The legal questions of the High Court Article 50 ruling
14th November 2016
Everyone has been talking about Article 50, especially after the shock High Court decision that has forced Prime Minister Theresa May to let MPs vote on triggering the Brexit process.
Here we take a look at the legal questions that are at the centre of the High Court Article 50 ruling and how those in legal jobs in London and across the rest of the UK may be affected by Article 50.
What is Article 50?
Firstly we need to fully understand what Article 50 is.
Article 50 of the Treaty of Lisbon has been designed to make the EU "more democratic, more transparent and more efficient" and is an agreement signed by the heads of state and governments of countries that are EU members.
In a nutshell, Article 50 notifies all member states that your country is withdrawing.
The legal questions at the heart of Article 50
In an article on the BBC, Lord Chief Justice Lord Thomas, said, "The sole question in this case is whether, as a matter of the constitutional law of the United Kingdom, the Crown - acting through the executive government of the day - is entitled to use its prerogative powers to give notice under Article 50 for the United Kingdom to cease to be a member of the European Union."
The Lord Chief Justice went onto to stress that the most fundamental “rule of UK constitutional law is that the Crown in Parliament is sovereign and that legislation enacted by the Crown with the consent of both Houses of Parliament is supreme”.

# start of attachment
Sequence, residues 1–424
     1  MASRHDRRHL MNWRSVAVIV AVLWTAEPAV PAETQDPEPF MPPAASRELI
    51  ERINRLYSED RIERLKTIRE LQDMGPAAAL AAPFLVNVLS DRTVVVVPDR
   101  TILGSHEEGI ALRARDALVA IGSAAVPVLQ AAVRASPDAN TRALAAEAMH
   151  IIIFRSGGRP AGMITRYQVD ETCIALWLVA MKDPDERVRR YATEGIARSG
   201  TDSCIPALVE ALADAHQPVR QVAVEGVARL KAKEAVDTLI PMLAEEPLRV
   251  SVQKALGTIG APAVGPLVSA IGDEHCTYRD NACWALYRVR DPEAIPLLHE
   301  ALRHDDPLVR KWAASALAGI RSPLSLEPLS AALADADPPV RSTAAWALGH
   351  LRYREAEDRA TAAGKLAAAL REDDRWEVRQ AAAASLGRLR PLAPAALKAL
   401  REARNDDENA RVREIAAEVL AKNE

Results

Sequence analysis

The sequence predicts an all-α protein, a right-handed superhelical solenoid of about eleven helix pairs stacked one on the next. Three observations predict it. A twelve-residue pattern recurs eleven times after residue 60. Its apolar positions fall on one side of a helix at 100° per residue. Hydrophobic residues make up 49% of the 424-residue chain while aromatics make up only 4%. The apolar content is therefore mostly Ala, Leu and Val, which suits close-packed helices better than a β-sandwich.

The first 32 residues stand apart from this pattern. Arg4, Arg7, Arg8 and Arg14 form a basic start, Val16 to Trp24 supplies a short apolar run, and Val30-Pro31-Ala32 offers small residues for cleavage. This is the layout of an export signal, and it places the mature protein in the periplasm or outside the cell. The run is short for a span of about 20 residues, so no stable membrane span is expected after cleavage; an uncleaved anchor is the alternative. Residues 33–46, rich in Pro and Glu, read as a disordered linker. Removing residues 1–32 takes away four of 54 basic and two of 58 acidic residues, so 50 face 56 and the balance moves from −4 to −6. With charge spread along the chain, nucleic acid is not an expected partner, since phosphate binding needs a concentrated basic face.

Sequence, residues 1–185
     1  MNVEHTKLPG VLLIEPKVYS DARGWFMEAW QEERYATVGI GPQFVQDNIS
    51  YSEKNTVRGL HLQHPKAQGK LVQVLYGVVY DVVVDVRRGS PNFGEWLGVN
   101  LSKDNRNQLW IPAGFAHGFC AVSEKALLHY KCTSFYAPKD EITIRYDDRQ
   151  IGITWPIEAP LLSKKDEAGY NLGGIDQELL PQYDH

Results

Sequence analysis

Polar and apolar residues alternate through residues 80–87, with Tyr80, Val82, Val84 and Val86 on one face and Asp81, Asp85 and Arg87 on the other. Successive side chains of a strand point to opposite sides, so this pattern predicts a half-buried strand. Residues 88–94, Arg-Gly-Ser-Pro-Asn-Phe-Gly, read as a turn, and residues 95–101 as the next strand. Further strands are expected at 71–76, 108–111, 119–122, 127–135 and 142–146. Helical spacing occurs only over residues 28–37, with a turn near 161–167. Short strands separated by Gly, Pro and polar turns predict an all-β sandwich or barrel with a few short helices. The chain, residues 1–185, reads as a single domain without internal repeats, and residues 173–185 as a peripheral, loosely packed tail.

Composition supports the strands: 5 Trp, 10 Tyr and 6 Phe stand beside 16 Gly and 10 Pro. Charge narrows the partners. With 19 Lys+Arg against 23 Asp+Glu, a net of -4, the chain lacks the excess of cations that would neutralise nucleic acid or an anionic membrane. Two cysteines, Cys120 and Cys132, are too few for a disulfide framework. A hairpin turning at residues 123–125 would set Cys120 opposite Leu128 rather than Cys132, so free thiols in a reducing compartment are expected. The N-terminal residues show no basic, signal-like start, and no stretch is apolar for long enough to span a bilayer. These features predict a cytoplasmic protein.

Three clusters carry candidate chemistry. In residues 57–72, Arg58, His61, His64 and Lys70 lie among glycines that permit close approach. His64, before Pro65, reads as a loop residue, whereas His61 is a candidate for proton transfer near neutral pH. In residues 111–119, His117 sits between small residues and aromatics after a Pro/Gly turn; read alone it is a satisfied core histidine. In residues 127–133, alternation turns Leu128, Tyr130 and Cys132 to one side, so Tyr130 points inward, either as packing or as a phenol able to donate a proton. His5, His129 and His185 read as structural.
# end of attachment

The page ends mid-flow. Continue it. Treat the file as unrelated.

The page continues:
The crown’s prerogative powers are a collection of powers from the crown that have existed since medieval times.
The parliament is the king of the constitution, but the government cannot use executive powers to override legislation and this was the main argument of Gina Miller, who was the lead claimant in the case.
The government fully accepted that activating Article 50 by using prerogative powers would effectively change domestic law and this is why the government lost the High Court Article 50 ruling.
Gina Miller’s lawyers argued that after Article 50 is triggered some rights, such as the right to vote in EU elections and to petition the European Court of Justice, would be gone forever.
A piece on the Independent website has revealed that Theresa May could overturn the Brexit ruling by claiming the triggering of Article 50 does not have a direct impact on British citizens rights.
This argument focuses on the UK’s dualist legal system and the idea that international law is not applicable in the UK until it is translated into national legislation.
The government has already begun proceedings to appeal the decision at the Supreme Court.
Should Article 50 get the green light following the appeal, then it is set to impact on dozens of sectors of the UK economy.
The major change will see a number of trade deals having to be renegotiated, which could impact jobs and businesses in London and the UK.
Lawyers will undoubtedly be called upon by multinational businesses and will be tasked with divvying up properties, institutions and pension rights as well as having to deal with the rights of UK citizens in the EU and vice versa.
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